Ever noticed a lot of upset in the late afternoon before dinner and bedtime? You may have had a wonderful day with the children, a few snafoos, but for the most part, a pleasant day. Late afternoon, just before dinner and what occurs? Crying over little things – it might be a broken crayon or big sister sat at the dinner table first…
Crying and tantruming are not behaviors parents are comfortable with in their children. From the time our children were babies we’ve been taught to soothe them as much as possible, to eliminate crying, to fix what is wrong.
I invite you to explore the possibility that by eliminating the release of tension and stress that crying allows our children, that we are ultimately encouraging more whiny, demanding, unsatisfied, frustrated, and angry children.
Think about stress and anxiety for a minute. As a culture do we release our stress and anxiety in healthy ways? The Biggest Loser is one of America’s favorite shows. America is facing an obesity epidemic. So, it’s clear that food is one way we may be dealing with our feelings. Anti-depressant usage among adults, teens, and children are at an all-time high. We are seeing more and more high profile celebrities becoming diagnosed as sex addicts. Alcoholism and illegal and prescription drug use continues to be another way individuals cope with their emotions.
What does all of this have to do with getting your young children to sleep?
Understanding how young children express their feelings is important knowledge for you to have as a parent so you know how you can begin creating healthy and safe ways for your child to express happiness, sadness, and even anger.
Author and parent educator, Aletha Solter explains that “there are 4 primary ways in which children cope with stress:
- symbolic play,
- and crying (including raging).”
Young children will use symbolic play, laughter, crying & raging as their initial stress-release tools and as they mature, they will talk more about their feelings.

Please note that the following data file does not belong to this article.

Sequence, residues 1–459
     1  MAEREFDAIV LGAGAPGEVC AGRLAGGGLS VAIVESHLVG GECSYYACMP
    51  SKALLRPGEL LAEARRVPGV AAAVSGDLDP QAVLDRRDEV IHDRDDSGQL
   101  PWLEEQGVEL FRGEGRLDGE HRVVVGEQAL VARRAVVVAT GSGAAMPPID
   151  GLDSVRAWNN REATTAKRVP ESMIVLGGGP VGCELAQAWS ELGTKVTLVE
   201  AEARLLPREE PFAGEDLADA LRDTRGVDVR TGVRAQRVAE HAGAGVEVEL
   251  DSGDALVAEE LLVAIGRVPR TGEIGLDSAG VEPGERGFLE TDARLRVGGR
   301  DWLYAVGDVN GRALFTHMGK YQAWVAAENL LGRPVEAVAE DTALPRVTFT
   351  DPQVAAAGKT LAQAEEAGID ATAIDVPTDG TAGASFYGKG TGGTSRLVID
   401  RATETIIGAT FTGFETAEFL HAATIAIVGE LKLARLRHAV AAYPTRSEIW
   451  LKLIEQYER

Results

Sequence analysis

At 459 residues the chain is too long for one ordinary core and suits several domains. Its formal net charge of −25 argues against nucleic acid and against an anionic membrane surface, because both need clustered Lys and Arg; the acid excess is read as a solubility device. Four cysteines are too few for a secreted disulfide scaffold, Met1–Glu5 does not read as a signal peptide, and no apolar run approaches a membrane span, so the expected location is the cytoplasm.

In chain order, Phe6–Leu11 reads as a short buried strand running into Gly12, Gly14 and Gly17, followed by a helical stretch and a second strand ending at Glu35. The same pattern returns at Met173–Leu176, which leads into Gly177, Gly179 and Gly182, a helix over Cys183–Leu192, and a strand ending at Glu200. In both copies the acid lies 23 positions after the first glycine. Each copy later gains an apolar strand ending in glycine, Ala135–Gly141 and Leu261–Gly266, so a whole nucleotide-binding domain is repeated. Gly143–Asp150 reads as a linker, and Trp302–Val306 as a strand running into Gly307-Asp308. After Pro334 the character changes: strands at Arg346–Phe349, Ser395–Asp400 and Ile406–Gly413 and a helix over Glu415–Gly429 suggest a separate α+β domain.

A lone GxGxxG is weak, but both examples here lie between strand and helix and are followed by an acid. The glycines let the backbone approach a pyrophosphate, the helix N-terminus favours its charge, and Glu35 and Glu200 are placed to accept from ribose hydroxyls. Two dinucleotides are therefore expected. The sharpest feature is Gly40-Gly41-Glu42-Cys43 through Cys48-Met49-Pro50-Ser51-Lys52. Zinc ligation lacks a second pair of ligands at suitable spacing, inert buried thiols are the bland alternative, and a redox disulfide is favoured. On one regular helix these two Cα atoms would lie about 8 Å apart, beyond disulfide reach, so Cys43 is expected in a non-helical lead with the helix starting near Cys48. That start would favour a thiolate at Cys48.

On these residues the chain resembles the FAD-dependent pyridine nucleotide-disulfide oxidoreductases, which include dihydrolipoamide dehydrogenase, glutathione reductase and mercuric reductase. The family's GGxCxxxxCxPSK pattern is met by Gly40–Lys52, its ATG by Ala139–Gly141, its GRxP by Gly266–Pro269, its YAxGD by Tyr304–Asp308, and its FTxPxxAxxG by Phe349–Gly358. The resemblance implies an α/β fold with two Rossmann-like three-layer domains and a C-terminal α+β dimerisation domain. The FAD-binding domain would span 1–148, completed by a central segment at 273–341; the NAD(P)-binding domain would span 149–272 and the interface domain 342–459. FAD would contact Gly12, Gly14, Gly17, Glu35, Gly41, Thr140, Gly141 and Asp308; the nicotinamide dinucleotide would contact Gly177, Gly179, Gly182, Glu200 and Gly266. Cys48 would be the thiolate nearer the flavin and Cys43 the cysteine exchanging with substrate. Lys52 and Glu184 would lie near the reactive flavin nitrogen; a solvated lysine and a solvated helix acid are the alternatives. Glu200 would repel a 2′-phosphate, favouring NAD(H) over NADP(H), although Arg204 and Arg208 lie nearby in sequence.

Certainly, parents encourage their children to laugh and play and talk to release energy and stress. However, parents are not as comfortable with their child’s crying and raging because there is a false belief that their child will feel better if they would only stop crying.
“Children will not feel better until they have been allowed to cry and rage as much as needed.” ~ Aletha Solter
Okay, I know what you’re thinking here. You’re thinking, “are you crazy? I’m not going to let my kid scream his head off because his crayon broke.”
Whining, frustration, hitting, biting, defiance…hmmm…is it not interesting to think that these negative behaviors are linked to a child’s pent up stress? Let’s think about this as it applies to your own life. You’ve had a horrible day, nothing is going right – your computer crashed, your car won’t start, you feel a head cold coming on, then, your 3 year old is joyously running through the house with a full glass of milk and spills it all over the couch. You hit a wall on a day like this when you just explode – you, in a very real way, have your own tantrum.
Well, young children, even when a day has gone well (from our perspective), are experiencing stresses and anxiety. They’re learning new things, short separations from their caregiver, over-stimulation from an outing or from media, experience an undesirable consequence, lack of attention, illness, getting hurt…
You do the best that you can to create a stress-free, simple childhood for your kids but the sources of your child’s stress are not always easy for you to detect. You don’t know until a crying jag or tantrum that a change in routine or a new friend could have caused your child anxiety or stress.
So, a typical time of the day for your child to release these tensions through, specifically crying, is between 4pm-8pm. Instead of punishing or shaming your child for crying, let it run its course. Accept the crying as part of the release. Respond in a way that allows the child to fully release. Once you’ve met their basic needs, recognize that allowing crying to occur will bring better, less restless sleep. You want to your child to release feelings through healing tears. Firm, but loving holding is a great way to help your young child to let go. It’s much more comforting and nurturing than sending your child to their room or to the corner for a “time-out.”
From Parenting With Presence:
“I prefer to support my nearly three year old daughter to vent her feelings daily, often in the evening before she goes to sleep. When she doesn’t have a cry for three or four days, she starts showing that she has unexpressed feelings. She takes a long time to go to sleep even when she is tired, and moves a lot during the night. During the day she seems agitated, gets easily frustrated, and avoids being close. On the other hand, when she has a cry every day or two, she easily goes to sleep lying beside me when she is tired, is relaxed throughout the night, and happy and alert during the day. She concentrates for long periods and enjoys cuddles and closeness. Time and again the differences reassure me that crying in my arms contributes significantly to her daily well-being.”
Do you have questions about this theory? I will be sharing with you more about it and how it can support your intentional mothering ways.